What to Know – NBC New York

New York City unleashed its latest weapon in its ongoing trash — and rat — battle, deploying 200 more sanitation workers to streets as the mayor’s office vows anew to address oft-complained-about blights.

Starting Monday, the city begins directly targeting more than 1,000 identified “no man’s lands” across the five boroughs — zones determined to be neglected and overrun with filth for some time, the apparent results of finger-pointing and back-and-forths over which department’s responsibility it is to clean up the muck (and the rodents that live in it).

Mayor Eric Adams announced last week a $14 investment in his so-called “Get Stuff Clean” initiative, a trash program modeled off his more overarching “Get Stuff Done” effort. According to him, it’s going to be New York City’s largest cleanup project in decades — and four agencies joined with him last week to reveal the multi-faceted approach.

According to Department of Sanitation Commissioner Jessica Tisch, the problems have been building for some time. The intersections and corners referred to by the city as “no man’s land” areas have seen longstanding squabbles within city government over responsibility, she said.

“Fast forward to the 1980s when New York City unwittingly created no man’s lands of its very own through an interagency agreement that was designed to create jurisdictional clarity for cleaning purposes, but that ended up being used for decades to obfuscate responsibility,” Tisch added. “A way for an agency to look at a dirty part of our neighborhood and say, ‘That’s not my job. That’s not my problem.'”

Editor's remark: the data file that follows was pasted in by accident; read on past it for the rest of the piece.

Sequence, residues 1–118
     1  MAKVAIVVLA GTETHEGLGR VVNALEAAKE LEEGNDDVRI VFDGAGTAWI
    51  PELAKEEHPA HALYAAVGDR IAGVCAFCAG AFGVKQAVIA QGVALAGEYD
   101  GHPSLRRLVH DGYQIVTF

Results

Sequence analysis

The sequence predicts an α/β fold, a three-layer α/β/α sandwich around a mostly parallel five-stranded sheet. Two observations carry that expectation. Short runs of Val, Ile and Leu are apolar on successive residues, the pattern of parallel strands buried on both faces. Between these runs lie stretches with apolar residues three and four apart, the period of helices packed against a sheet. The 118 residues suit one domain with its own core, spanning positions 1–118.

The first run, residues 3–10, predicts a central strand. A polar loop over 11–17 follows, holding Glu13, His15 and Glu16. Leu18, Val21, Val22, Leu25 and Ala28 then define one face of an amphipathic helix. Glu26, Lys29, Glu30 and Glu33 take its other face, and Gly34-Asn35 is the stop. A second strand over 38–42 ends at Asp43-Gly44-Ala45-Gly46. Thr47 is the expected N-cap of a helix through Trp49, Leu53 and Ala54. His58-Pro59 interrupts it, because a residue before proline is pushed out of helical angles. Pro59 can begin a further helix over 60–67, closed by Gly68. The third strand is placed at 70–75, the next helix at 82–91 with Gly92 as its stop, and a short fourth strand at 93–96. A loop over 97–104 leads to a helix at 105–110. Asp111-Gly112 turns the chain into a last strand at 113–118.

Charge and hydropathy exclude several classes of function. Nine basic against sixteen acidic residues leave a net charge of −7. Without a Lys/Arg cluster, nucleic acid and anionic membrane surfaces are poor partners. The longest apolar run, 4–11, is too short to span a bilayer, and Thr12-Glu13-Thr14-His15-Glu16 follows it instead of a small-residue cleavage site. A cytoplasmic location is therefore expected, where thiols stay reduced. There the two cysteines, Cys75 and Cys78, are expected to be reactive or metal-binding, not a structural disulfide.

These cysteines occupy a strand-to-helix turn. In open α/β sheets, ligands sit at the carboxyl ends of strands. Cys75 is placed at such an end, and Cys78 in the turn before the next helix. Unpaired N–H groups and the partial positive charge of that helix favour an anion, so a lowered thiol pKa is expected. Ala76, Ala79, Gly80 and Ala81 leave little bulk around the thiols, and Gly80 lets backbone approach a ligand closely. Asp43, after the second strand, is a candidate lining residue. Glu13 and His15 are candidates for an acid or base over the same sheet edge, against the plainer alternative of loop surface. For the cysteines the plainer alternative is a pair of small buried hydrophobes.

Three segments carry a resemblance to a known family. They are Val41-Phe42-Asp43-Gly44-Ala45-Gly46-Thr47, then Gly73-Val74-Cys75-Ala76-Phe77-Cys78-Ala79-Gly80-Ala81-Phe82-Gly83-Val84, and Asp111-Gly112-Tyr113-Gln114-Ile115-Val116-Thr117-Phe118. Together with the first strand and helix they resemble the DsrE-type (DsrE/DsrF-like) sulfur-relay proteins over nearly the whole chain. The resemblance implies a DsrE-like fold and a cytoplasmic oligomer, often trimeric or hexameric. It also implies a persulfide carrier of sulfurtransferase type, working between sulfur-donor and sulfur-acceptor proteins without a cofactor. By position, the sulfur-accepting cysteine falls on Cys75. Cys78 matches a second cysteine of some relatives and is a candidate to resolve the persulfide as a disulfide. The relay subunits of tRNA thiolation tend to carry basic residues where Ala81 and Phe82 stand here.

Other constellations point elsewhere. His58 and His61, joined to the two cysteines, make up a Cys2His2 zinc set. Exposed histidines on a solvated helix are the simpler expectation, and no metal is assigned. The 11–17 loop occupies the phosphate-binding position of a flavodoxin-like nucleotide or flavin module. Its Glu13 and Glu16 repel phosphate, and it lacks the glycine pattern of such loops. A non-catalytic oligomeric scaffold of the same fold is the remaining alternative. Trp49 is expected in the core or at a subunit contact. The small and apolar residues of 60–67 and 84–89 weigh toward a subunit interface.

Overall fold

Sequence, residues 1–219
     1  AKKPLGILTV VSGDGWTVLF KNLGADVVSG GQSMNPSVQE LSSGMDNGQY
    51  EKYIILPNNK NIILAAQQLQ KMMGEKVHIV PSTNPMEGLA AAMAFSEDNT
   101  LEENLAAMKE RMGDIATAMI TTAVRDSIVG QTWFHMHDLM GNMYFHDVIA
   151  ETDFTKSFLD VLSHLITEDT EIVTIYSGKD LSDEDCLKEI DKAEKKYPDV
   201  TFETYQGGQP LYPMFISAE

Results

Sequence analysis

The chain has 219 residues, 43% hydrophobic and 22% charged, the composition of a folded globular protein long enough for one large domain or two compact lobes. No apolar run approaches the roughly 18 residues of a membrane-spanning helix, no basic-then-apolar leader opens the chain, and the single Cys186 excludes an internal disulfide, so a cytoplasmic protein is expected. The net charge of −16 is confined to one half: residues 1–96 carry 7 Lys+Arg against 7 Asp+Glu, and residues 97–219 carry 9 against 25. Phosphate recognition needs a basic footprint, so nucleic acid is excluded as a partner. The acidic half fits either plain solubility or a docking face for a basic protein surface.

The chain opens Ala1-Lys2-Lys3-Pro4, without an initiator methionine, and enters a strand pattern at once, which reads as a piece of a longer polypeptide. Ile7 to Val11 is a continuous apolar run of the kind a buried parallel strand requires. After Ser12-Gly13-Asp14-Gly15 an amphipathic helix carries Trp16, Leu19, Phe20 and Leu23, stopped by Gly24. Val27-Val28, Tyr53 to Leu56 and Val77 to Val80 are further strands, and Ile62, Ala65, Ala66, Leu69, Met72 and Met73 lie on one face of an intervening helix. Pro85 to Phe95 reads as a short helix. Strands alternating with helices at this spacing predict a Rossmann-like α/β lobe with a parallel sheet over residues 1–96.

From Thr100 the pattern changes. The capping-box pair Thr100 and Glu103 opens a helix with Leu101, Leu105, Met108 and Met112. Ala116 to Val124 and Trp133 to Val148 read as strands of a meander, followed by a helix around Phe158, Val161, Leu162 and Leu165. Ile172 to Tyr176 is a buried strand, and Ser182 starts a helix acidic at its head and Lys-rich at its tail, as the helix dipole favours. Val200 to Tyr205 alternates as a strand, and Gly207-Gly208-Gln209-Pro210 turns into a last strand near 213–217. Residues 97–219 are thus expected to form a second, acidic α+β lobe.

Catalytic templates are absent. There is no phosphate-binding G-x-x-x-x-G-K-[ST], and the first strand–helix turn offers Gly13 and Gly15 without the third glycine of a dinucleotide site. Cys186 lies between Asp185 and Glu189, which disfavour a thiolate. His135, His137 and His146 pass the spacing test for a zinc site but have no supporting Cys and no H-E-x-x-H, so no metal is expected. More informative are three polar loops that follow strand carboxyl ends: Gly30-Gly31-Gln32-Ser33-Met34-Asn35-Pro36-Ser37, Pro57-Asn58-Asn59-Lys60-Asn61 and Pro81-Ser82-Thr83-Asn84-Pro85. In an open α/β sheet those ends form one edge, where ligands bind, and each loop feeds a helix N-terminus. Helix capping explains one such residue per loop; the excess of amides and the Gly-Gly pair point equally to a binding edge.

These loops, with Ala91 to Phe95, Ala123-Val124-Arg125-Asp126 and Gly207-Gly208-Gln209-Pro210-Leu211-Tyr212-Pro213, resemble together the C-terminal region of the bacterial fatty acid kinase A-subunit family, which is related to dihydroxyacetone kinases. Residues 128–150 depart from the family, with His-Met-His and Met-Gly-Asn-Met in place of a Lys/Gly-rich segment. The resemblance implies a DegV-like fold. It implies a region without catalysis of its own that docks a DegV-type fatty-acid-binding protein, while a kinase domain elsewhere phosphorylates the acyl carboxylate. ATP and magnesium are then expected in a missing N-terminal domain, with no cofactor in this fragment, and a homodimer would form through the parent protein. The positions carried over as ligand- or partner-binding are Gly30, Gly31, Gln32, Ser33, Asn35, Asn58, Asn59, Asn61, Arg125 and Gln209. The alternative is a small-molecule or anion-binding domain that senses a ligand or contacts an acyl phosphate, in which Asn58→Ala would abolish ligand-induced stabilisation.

But that kind of hot potato runaround is over, so the city claims, thanks to that $14 million investment, part of which has already been tapped. At least 200 new sanitation workers have been hired and started to hit the streets on Monday. New evening shifts will also focus on “hotspot cleaning” at parks and rat mitigation, the city says.

According to recent government data, rating sightings across the city have increased by 71% since this time in 2020. By the end of September, there were more than 21,000 reports.

Rat complaints initially spiked in 2021, the Daily News reportedwith many blaming the surge on outdoor dining structures built amid the pandemic. But even as some restaurants have reeled in their outdoor sheds, the problem with the vermin has not gone away — in fact, many city residents would agree that it has only gotten worse.

Adams says the city plans to test out a few newly developed tools and tricks to deal with the rat issue. Some of those efforts may involve overhauling the decades-long trash schedule in place across the five boroughs.

Surveillance camera enforcement to prevent illegal dumping is also expected to stepped up.

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